Disclaimer: You should speak to an attorney regarding your specific situation and to determine whether you qualify for this relief.



Author Bio: A writer, speaker and young business leader, Jason has been the communications pulse for a number of organizations, including Paycom. A featured writer on human capital management technology, leadership and the Affordable Care Act, Jason launched Paycom’s blog and social media channels, helping empower organizations around the nation. Jason is attune to the needs of businesses and recently helped develop a tool to aid organizations in their pursuit to comply with the ACA; one of the largest changes in healthcare the country has seen. While working in athletics for ESPN and FoxSports, Jason learned the importance of hard work and branding. In his free time he enjoys adventuring with his family, reading and exploring new areas to strengthen his business acumen.

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ACA Loopholes Closing by a ‘Skinny’ Margin

Employers already are well aware that the health care landscape is changing – and changing drastically. But now employers who thought they were complying with the Affordable Care Act (ACA) are being told otherwise, as the Obama administration works to close loopholes – and fast.

Two major loopholes exist that employers must account for now.

  1. Plans that pass the minimum-value test – but do not offer hospital coverage – no longer will be accepted after 2015.
  2. So-called “skinny plans” were determined to meet the minimum-essential coverage rules of the IRS, but those offering them could still face penalties.

Hospital Coverage Now a Must
According to the U.S. Department of the Treasury, employers offering medical plans that lack hospital coverage and/or physician services will not qualify as meeting the ACA’s minimum-value threshold. This is reflected in IRS Notice 2014-69.

This represents a blow to a large number of employers who were preparing to offer similar plans for 2015 – the first year they will be held to the ACA’s employer mandate, lest face costly penalties.

Despite this news, the administration will allow employers one year to find an alternative, provided they had committed – in writing and before Nov. 4 – to offer one of these plans to their employees. These employers have been granted limited grandfather protection, but will have to add coverage for inpatient services in order to qualify for minimum-value status for the preceding calendar year. Additionally, this protection applies only for those plan years beginning on or before March 1, 2015.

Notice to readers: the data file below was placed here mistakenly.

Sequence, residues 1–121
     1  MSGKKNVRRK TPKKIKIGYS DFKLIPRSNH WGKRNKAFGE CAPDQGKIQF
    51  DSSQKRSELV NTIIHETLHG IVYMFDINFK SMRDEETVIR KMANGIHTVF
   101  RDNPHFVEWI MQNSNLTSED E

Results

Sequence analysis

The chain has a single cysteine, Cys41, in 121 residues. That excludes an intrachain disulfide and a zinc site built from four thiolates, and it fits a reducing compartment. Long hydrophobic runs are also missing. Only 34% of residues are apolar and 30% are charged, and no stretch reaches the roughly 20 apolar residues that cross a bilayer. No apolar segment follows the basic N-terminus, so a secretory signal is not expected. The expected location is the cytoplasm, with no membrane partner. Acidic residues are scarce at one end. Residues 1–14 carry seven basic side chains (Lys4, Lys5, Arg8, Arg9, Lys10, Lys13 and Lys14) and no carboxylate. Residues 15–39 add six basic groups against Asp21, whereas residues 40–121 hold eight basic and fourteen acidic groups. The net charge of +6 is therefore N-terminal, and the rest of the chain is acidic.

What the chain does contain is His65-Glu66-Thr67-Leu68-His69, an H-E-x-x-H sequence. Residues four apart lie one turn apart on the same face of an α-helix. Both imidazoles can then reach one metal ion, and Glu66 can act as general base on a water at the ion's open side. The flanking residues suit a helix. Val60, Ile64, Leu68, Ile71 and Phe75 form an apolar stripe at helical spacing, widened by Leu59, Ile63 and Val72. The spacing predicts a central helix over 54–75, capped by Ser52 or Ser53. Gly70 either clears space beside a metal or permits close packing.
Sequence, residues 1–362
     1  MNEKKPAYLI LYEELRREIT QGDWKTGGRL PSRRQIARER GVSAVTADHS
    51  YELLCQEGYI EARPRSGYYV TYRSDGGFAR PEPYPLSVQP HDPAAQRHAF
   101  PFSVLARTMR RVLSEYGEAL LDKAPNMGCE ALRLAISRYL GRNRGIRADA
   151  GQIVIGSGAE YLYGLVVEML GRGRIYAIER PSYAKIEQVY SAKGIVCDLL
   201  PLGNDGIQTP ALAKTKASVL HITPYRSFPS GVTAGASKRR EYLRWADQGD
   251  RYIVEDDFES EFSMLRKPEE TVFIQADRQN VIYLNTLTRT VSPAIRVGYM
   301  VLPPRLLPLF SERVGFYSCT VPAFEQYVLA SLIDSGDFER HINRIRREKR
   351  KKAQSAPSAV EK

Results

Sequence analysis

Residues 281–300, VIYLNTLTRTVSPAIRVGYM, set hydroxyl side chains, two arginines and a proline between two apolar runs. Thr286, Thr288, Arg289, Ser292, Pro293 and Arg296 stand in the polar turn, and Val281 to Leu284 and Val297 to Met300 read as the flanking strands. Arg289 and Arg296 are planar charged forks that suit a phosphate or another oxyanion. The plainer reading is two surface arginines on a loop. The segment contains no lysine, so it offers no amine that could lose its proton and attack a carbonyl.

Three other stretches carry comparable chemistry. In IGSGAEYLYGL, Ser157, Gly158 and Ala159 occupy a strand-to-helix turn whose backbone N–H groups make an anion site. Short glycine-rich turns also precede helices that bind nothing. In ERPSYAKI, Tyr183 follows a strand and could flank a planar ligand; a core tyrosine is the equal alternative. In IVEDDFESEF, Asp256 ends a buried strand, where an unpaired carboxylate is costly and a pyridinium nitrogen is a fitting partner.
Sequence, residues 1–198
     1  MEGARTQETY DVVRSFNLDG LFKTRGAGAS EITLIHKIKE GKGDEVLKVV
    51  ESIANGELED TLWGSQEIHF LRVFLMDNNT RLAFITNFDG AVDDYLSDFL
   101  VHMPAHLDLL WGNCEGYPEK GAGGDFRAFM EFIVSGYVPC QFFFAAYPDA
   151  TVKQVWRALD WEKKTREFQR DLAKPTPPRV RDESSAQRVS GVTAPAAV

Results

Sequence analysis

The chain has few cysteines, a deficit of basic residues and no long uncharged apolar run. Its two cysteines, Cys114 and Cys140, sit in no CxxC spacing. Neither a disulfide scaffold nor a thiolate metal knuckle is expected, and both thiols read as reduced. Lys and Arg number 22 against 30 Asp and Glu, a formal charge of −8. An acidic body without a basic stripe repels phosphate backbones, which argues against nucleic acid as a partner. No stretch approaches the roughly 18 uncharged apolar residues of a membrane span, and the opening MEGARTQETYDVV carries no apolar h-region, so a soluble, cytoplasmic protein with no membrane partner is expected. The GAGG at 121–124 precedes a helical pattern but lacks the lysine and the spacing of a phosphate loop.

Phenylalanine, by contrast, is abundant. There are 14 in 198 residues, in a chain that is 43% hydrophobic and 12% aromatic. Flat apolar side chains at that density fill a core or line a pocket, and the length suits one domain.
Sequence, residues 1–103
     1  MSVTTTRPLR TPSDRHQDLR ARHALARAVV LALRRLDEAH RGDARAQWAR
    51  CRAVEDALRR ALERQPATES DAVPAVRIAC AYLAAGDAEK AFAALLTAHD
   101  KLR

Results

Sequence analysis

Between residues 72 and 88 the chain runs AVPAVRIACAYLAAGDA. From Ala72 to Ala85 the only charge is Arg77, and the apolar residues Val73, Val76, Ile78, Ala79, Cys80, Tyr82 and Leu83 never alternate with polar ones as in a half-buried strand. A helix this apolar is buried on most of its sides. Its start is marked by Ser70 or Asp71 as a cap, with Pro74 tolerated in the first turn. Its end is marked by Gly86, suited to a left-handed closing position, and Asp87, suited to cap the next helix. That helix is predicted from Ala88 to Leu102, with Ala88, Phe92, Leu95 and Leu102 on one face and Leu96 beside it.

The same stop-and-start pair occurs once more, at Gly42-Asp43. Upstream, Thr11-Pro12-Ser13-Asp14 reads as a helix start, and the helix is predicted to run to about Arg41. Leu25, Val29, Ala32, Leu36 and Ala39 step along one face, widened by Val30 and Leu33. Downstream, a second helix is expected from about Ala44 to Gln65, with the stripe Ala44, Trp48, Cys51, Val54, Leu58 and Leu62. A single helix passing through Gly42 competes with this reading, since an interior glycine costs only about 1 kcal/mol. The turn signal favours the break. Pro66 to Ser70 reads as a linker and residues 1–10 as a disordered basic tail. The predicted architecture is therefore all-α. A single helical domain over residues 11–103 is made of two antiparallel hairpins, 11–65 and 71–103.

The Treasury also noted that individuals offered these plans still will be able to qualify for subsidies, despite the employer-offered insurance meeting the minimum-value coverage mark under the grandfathered protection.

Employers offering grandfathered plans either must revise their summary of benefits and coverage, or send another form of notice to employees that they still will qualify for subsidies through a health-insurance exchange because of the plan’s limitations.

Large employers failing to offer minimum-value coverage next year could be fined upward of $3,000 per worker in 2015. These penalties will be assessed when employees qualify for subsides through exchanges based on their income.

‘Skinny Plans’
“Skinny plans” are employer-sponsored benefits that offer little more than preventive care. These plans were adopted by employers because they pass the ACA requirement of providing minimum-essential coverage, which is not to be confused with “minimum-value.” These plans are not designed to meet the minimum-value requirement of 60 percent, but allow employers to bypass the first tier of fines under the ACA’s pay-or-play penalty assessment ($2,000 multiplied by each employee for failure to offer coverage).

For employers to be spared the affordability/minimum-value portion of the ACA penalties, they also must offer a comprehensive health plan to all employees and prove that an affordable offer was made to each one. Those choosing the lower-cost alternative (Skinny plans) then would not qualify for subsidies because they were offered a plan that met the ACA’s minimum-value standard.

Penalties for employers offering solely “skinny plans” would be assessed only for employees who opted for the exchange and qualified for subsidies.

As an employer, it is important that you know all of the facts when deciding which plan to choose for your employees … and note that sometimes, being “skinny” isn’t all it’s cracked up to be.